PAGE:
When I was coming up in the industry, the truth is, there weren’t a lot of big comedy people who were there to be my mentor. When I think about it, most of my mentors were older, white men. It’s really important to me that younger women can have me as their mentor and change that cycle a bit. In terms of women who have supported me, there are so many producers and young executives that are around my same age—we were each other’s support network because we didn’t have a lot of role models older than us. It’s really cool to see a lot of women who were junior execs when I started on my show who are now running networks. It’s really exciting!
The Change Exchange is coming around the same time as Meghan Markle’s 40×40 Initiative, which likewise encourages peer-to-peer mentorship. Why do you think this kind of personal guidance is what people are searching for these days?
There’s something about the intimacy of these 1:1 relationships with other women that allow me to acknowledge my shortcomings as well as talk about my fears with change. I’ve gone through so many changes in the past couple of years that I’ve felt not equipped to handle by myself. I’m not married, I don’t have sisters, and I haven’t been able to see some of my close friends for years because of our circumstances, so I just need support. I think it’s so admirable Meghan Markle launched that (program) – I think that’s a great way to commemorate that milestone by helping other people. I think it’s great there are so many people who are trying to do things like this.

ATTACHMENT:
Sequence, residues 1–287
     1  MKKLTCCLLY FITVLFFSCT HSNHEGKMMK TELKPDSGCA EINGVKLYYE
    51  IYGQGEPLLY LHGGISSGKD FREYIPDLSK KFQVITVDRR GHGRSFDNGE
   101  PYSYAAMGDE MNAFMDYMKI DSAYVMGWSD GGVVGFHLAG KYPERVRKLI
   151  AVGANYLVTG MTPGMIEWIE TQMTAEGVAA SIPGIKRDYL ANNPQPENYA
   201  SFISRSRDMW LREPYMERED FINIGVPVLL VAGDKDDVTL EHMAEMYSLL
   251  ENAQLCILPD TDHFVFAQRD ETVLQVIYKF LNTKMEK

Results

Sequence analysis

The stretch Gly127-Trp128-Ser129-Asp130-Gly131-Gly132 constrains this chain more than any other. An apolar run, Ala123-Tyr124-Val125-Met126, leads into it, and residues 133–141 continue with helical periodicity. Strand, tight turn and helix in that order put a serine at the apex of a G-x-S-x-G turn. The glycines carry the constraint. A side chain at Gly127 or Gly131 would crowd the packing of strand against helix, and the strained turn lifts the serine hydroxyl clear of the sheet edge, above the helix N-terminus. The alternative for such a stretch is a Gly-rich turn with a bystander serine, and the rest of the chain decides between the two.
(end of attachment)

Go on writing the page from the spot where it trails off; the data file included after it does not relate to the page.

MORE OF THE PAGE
How has your circle of friends helped you weather the past year while parenting through a pandemic?
Being in a bubble, I started to feel like everyone was doing it better than me. Like, somehow, they’ve gotten their children to stay put on Zoom for longer, how did they figure out a way to do that while the only way I could trick my child into being on Zoom was by putting her food in front of her! What I think was great [for me] was, rather than hearing advice about successful things, was hearing people be real. That, to me, has been great—to help me feel less alone in everything I was doing.